Set up for effective home
                                                                     program
   -   Manual therapy                         Virtual/ in-person     Some massage/self-palpation can
                                                                     be taught to some
                                                                     patients/family members
                                                                     Other manual techniques that are
                                                                     required to optimize progression
                                                                     need to be completed in an in-
                                                                     person session
   -   Other (acupuncture, etc.)              In-person              If required to optimize
                                                                     progression treatment needs to
                                                                     be completed in-person
Medication                                    Virtual / in-person    Prescription
Diagnostic imaging                            Virtual / in-person    Prescription
Purchased device e.g. braces                  Virtual / in-person    Off the shelf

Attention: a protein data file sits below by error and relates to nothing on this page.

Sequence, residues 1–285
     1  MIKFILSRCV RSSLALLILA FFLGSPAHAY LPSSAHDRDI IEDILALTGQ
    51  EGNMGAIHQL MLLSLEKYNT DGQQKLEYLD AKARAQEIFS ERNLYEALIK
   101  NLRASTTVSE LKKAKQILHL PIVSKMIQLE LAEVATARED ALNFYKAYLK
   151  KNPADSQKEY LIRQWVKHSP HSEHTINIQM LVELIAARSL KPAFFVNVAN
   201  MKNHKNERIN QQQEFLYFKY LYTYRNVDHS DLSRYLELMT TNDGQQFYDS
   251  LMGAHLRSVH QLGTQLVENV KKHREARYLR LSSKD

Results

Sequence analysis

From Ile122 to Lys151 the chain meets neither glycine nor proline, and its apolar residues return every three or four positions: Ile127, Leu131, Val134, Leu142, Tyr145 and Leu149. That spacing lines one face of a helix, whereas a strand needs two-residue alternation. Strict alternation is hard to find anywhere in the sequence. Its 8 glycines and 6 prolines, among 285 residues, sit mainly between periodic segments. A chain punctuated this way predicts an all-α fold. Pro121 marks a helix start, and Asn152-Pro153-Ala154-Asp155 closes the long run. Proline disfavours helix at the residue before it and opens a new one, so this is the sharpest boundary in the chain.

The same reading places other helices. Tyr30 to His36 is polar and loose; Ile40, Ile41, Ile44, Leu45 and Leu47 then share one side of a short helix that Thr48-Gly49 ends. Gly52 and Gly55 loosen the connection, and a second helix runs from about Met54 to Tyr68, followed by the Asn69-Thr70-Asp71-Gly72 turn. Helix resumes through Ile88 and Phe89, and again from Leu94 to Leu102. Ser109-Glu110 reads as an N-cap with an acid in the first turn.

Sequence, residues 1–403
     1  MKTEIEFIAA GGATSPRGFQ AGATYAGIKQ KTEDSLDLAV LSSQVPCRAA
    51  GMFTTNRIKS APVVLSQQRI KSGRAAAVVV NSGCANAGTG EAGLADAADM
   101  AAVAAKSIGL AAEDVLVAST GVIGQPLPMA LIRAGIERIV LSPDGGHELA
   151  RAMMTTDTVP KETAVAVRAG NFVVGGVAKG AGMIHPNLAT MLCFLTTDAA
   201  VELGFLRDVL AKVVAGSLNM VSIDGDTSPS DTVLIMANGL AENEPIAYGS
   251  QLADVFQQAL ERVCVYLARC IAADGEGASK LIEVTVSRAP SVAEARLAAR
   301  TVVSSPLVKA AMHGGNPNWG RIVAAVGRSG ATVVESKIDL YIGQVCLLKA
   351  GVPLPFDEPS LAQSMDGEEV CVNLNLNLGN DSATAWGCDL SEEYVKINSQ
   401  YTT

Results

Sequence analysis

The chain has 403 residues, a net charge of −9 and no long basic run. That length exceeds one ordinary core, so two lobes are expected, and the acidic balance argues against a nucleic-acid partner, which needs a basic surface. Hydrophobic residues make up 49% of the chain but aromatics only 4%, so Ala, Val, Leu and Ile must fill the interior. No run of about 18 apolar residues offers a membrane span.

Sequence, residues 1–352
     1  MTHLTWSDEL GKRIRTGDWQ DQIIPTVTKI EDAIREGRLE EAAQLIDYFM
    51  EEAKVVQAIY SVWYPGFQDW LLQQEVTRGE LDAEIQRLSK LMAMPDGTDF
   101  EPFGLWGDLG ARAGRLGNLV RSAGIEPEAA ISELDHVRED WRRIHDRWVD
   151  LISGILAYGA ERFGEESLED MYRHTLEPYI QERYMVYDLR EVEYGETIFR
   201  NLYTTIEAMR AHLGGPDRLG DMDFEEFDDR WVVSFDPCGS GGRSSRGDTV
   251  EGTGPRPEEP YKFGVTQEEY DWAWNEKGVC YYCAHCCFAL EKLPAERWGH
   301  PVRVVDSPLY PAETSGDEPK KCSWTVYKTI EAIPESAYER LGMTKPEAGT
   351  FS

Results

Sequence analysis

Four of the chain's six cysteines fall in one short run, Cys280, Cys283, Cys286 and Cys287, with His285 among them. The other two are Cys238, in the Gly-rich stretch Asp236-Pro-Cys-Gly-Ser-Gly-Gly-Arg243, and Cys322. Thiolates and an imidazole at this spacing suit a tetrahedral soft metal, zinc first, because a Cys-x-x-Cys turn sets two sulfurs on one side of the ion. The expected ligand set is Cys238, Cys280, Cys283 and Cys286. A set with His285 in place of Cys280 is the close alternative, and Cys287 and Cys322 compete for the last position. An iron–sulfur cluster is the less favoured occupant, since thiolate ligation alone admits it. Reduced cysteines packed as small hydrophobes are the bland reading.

Customized will require in person
                                                                     for measurement
Joint injection                               In-person
Surgery                                       In-person              An in-person assessment may be
                                                                     required to decide on surgery to
                                                                     be performed
Other professional consultation               Virtual / in person    Protocols as per the clinical
e.g. weight/diet management,                                         intervention
psychological Ax, smoking cessation, pain
management/ narcotic weaning,
neurological, inflammatory, other medical

   If a need for in-person visit is determined before the assessment, for additional information, or
   to undertake treatment; then the benefit/use of a virtual assessment should be considered to
   reduce duplication and optimize the health system resources.

   March 10, 2021                                                                                   9
The right model for the patient
There are a number of different models that can be used to meet the needs of the patient. The
choice of the model will be dependent on the wishes of the patient to ensure they have an